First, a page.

- Get plenty of good quality sleep: Sleep is your body’s ultimate reset function. Your cells repair, and NREM sleep increases the creation of new proteins, which your muscles need for repair.
- Rest up: You’ll want to wait 48 hours before you work the same muscle group again. This will give it plenty of time to repair properly. That said, laying on the couch for the next 48 hours won’t help either. In fact, it’ll just make everything so much worse. Alternate hard workout days with light activity, like walking, swimming, yoga or leisurely cycling, especially when you’re just starting out.
- Massage: Any form of massage to your muscle soreness will feel like BLISS and is scientifically proven to help too. Foam rolling after a workout is a myofascial massage that’s been proven to work – but my favourite way to ease sore muscles is with this handheld massager from Wahl. I got it for Greg for Christmas but I use it on my sore quads and calves, and it’s absolutely been a godsend. Very reasonably priced too.
Should you be freaked out about DOMS?
There’s a difference between a little DOMS and an injury.
DOMS feels uncomfortable and might make you wince a little (like when you’re getting on and off the toilet, for example), but it shouldn’t feel acutely painful.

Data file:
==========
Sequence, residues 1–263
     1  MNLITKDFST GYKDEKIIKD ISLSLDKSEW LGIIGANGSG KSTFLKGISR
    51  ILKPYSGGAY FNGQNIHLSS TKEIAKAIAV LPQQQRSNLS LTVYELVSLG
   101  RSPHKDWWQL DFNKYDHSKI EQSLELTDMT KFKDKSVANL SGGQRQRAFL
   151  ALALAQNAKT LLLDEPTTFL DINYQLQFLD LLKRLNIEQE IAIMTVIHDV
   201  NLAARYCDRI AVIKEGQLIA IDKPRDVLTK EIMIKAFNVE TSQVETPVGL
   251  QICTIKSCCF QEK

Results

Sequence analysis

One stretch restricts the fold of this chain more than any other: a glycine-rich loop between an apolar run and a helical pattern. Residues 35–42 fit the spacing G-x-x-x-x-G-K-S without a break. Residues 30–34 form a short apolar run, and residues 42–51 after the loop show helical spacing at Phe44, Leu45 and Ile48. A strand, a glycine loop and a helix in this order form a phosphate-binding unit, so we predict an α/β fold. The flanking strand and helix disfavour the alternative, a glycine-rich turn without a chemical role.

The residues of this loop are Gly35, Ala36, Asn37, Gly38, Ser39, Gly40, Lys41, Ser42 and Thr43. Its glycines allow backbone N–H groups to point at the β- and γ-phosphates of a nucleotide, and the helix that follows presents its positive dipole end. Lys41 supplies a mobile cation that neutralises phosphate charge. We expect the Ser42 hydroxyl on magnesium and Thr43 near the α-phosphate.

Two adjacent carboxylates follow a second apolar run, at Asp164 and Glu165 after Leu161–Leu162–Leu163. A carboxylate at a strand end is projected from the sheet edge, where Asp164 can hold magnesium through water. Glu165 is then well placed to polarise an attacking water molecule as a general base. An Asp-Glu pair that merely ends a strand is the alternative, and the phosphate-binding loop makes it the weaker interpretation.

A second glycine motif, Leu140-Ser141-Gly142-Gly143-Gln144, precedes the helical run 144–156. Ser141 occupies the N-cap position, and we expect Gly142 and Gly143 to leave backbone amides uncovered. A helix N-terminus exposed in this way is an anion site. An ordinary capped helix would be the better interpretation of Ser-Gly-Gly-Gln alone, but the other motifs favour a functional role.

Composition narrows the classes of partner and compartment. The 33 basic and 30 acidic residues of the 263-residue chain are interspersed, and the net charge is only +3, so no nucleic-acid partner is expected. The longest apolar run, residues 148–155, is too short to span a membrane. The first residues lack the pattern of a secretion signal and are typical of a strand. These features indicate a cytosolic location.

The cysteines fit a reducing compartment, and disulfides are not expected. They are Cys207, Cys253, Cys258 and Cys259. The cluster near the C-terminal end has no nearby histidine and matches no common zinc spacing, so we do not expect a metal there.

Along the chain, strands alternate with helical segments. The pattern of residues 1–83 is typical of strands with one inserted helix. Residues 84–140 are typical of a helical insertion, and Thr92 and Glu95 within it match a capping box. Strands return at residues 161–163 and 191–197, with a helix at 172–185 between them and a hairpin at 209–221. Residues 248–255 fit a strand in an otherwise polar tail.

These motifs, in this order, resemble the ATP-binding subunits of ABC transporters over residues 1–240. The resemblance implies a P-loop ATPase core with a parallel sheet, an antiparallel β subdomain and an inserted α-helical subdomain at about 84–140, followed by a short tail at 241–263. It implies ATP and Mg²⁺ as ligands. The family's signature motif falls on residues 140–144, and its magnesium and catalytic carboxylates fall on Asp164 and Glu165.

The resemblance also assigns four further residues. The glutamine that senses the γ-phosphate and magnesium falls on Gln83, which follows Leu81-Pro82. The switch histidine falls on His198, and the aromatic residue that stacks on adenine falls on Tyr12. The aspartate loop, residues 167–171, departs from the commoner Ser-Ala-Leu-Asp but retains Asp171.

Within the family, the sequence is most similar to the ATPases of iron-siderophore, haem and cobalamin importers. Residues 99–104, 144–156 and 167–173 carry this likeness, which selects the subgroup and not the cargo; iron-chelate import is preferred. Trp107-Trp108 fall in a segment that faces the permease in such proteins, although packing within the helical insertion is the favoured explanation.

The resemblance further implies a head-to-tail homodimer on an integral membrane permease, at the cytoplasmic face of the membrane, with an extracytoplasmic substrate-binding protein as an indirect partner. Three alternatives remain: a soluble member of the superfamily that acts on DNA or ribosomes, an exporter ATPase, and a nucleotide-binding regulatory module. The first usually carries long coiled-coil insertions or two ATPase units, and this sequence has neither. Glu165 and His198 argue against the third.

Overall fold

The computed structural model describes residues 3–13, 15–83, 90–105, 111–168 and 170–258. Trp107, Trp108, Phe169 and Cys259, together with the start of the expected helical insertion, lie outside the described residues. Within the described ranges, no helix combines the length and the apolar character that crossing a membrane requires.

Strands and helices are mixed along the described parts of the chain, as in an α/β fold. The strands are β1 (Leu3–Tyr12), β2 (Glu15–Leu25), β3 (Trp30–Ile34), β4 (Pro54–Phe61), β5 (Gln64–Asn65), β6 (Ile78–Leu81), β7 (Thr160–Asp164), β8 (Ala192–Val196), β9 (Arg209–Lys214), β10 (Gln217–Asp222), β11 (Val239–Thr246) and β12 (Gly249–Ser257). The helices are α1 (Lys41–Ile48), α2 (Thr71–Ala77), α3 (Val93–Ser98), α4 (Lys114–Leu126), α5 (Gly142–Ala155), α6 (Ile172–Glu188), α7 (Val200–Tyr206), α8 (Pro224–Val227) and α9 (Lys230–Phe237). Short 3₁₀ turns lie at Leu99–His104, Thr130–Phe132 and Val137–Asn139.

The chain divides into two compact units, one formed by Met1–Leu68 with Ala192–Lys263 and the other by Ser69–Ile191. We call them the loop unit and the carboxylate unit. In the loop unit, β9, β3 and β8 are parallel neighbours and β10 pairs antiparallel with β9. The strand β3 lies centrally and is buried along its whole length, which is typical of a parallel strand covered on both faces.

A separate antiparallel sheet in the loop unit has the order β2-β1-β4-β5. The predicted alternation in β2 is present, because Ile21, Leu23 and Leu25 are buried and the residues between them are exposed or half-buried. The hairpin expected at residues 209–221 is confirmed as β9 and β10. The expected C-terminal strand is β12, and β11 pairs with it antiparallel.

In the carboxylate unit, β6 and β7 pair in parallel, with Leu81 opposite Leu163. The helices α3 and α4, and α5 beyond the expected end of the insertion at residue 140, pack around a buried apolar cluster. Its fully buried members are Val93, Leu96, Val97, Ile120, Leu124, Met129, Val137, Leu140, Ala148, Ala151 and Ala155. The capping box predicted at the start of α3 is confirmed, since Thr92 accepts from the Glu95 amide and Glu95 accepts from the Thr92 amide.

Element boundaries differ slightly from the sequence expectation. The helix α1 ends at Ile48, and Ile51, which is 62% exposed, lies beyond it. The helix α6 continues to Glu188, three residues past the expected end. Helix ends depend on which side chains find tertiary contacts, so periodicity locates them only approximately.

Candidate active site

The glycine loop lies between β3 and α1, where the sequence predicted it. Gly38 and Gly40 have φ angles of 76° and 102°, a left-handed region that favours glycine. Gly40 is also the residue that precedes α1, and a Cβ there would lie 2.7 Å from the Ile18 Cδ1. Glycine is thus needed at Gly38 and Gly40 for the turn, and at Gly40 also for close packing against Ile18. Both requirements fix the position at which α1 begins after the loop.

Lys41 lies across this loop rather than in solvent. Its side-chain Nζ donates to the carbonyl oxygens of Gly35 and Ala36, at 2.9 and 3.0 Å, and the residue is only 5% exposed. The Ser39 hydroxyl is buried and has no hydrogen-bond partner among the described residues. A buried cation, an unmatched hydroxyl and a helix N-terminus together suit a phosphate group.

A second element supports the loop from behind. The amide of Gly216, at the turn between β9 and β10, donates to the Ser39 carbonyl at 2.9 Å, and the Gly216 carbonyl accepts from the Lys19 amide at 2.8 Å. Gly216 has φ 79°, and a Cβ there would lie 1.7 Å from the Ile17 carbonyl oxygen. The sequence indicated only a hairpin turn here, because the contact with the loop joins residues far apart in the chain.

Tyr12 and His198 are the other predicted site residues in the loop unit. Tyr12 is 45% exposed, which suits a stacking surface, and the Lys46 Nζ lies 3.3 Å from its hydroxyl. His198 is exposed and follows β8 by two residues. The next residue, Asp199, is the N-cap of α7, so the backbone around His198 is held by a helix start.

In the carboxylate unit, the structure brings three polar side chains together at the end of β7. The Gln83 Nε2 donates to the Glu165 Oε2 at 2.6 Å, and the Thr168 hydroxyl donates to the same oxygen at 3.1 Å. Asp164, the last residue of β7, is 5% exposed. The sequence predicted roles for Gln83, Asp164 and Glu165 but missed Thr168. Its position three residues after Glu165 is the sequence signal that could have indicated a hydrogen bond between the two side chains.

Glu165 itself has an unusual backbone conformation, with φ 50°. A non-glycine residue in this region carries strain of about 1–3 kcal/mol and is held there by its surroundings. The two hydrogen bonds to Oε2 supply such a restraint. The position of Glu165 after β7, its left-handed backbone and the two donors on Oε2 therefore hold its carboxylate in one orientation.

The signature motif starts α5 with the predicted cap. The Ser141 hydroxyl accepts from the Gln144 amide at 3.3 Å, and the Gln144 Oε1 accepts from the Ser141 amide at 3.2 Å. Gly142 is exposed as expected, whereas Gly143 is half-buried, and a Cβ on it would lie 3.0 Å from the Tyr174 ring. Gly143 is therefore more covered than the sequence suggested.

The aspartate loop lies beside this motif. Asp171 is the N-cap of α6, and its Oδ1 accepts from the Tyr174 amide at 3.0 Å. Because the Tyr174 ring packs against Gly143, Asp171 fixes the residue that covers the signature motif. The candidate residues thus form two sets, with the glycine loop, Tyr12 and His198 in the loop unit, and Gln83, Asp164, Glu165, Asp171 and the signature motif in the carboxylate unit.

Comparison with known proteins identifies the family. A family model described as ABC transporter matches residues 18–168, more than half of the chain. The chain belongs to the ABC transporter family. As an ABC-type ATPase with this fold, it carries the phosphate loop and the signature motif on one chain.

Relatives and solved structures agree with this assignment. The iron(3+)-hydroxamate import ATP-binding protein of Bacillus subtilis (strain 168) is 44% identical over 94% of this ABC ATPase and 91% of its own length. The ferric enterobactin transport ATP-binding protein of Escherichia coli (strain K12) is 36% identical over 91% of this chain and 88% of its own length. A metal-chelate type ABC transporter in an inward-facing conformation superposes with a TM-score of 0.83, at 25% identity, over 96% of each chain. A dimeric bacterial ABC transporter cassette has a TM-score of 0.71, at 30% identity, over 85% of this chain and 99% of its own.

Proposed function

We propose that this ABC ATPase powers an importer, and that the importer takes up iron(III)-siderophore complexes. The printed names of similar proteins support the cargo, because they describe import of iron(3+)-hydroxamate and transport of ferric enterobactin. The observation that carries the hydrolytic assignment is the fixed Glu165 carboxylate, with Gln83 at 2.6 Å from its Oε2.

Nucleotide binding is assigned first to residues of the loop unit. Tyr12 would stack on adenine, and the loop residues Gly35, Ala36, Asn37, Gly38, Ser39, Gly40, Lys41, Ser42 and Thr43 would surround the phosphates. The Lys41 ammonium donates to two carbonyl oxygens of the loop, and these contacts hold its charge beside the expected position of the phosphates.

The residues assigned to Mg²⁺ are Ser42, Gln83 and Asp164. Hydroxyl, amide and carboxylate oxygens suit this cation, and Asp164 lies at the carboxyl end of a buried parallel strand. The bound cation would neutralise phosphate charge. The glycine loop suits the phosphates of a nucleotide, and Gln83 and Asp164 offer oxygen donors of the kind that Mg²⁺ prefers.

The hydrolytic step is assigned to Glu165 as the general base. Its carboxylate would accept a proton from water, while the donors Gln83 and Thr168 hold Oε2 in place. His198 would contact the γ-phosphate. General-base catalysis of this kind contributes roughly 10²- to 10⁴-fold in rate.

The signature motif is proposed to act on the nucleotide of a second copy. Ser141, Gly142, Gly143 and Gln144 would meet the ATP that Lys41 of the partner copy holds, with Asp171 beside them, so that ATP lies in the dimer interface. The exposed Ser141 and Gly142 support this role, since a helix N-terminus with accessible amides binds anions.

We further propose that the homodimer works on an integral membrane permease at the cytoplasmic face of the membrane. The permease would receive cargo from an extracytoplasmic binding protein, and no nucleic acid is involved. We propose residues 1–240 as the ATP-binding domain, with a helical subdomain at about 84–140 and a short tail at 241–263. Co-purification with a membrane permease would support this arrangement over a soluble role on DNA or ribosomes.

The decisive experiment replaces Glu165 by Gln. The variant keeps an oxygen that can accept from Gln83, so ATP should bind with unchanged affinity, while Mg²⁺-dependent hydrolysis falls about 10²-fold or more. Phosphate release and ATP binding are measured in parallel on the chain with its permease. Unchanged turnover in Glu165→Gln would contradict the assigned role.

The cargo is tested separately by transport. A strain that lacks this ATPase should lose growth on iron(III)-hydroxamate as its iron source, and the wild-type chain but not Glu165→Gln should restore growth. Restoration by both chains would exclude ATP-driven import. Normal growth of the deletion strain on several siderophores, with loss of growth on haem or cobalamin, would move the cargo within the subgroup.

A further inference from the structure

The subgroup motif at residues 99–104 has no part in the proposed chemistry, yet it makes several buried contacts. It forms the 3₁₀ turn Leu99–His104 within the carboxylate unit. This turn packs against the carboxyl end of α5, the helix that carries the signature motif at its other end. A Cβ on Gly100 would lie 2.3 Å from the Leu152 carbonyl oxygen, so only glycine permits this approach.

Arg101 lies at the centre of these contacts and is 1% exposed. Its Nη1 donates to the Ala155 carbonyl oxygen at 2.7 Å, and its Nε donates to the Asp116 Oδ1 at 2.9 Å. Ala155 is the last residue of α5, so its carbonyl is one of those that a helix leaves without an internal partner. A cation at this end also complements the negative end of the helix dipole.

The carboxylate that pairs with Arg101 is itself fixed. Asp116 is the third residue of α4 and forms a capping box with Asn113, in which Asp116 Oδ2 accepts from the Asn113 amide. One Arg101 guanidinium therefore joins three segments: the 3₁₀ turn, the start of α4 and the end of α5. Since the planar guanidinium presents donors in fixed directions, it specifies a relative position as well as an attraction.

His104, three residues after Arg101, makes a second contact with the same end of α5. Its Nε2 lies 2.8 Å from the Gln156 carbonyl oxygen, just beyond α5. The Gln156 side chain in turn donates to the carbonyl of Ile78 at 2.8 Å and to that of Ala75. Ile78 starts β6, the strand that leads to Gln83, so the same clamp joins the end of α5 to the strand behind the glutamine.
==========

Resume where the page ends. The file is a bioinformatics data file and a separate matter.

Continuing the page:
It also shouldn’t last for more than 72 hours.
Other warning signs to look for are things like bruising, redness, swelling, stabbing pain, or pain around your joints or bones.
If it seems different to the usual muscle soreness, feels unbearable, causes dizziness, or it’s lasting longer than a few days, get in touch with your doctor ASAP, so you can rule out a more serious injury.
So, In Conclusion…
Having sore muscles after working out happens to everyone! However, it can be especially nasty when you’re new to working out. The soreness only lasts a few days – but with a few handy tried and true remedies, you can get back to your normal life a whole lot sooner.
Now I’d love to hear from you. Do you have any tried and true remedies for sore muscles after working out? Share them with me in the comments!